Who Do You Deal With?

By Chris Chittenden

Part of being human is that we create stories about the people we know or know about. This is an important aspect of our relationship with others as we use those stories as a starting point to engage with them. For example, if you hold a story that I am untrustworthy, then the action you take when you deal with me will be coloured by that assessment and you will act to compensate for your expectations of my behaviour as being untrustworthy.

In our work as coaches, we have noticed an interesting distinction between the preferences people have about the stories we hold of others. One approach is to begin by holding a story about how someone should be. People with this preference tend to see others in terms of their own standards and assess people in relation to how well they live up to those standards. For example, they might expect their work colleagues to know what they know, have the skills they have, approach problems the way they do and so on. By seeing people in this way, they set themselves up to be disappointed as very rarely does someone else live up to all of their expectations. Taking this approach also has a negative impact on how someone views people as he or she has a tendency to observe what is missing in people rather than appreciating them for who they are and what they contribute.

The other approach is to begin with a story about someone in the context of how we experience them. From this perspective, we have a tendency to accept that they are different to us and, as a result, they see things differently and are capable of different things. This does not mean that we cannot hold expectations of others. Rather it means that we have expectations of how someone might be in the future.

Our observation is that generally people seem to have a bias to one approach or the other and so this distinction sets up an interesting dynamic in a person's way of being and their way of relating to others. By beginning with a story of how they expect someone to be, people with this preference tend to look to the negative - to observe what is missing. In turn, this creates a negative emotional space in their relationship with that person and, as a result, the relationship suffers.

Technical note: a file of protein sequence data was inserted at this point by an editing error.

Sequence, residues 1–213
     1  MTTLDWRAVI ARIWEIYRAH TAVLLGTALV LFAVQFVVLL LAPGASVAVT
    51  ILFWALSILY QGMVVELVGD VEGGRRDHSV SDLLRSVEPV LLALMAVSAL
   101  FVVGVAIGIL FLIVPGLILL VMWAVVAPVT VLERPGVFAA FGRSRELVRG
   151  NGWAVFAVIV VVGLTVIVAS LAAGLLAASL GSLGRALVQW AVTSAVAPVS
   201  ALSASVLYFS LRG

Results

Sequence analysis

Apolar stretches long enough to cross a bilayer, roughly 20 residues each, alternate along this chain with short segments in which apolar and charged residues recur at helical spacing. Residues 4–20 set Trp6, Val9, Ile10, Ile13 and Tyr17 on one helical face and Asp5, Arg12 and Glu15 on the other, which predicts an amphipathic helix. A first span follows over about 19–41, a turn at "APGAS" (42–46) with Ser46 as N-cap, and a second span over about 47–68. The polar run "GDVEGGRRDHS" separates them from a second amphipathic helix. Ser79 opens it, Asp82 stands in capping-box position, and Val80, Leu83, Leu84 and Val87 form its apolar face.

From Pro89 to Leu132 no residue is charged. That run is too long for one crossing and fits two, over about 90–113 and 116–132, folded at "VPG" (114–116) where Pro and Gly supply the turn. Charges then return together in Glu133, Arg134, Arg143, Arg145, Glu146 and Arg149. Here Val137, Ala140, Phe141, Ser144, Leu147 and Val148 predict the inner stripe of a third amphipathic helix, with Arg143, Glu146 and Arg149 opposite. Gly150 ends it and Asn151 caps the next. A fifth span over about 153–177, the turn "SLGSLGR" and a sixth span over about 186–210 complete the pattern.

By beginning with how they experience someone and looking towards how they could be, people create the space to accept others and a tendency to support people in their growth. Rather than focusing on what is missing, they appreciate others for who they are and who they could become. Again there is an impact on the emotional space of the relationship, however the impact tends to be more positive.

Another important aspect of this distinction lies in how our relationship with someone develops. If we are dealing with the person as we experience them, then we are dealing with them - the person. We will observe and engage with what they do, not with what we think they should do. This has the effect of developing strength and understanding in the relationship. However, if we deal with a person based on our expectations of them, then we are not dealing with them as a person but with our story about them. This has a tendency to create breakdowns in the relationship.

We believe this is a critical distinction in developing relationships. In one case, we deal with the person and how we find them. In the other, we are not really dealing with the person at all, rather with a fanciful view of how they should be. If you are looking to improve your relationships with others, it may well pay you to examine where you start with your story of them. You may be surprised and it may give you some insights to developing better relationships with others.

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© 2004 Chris Chittenden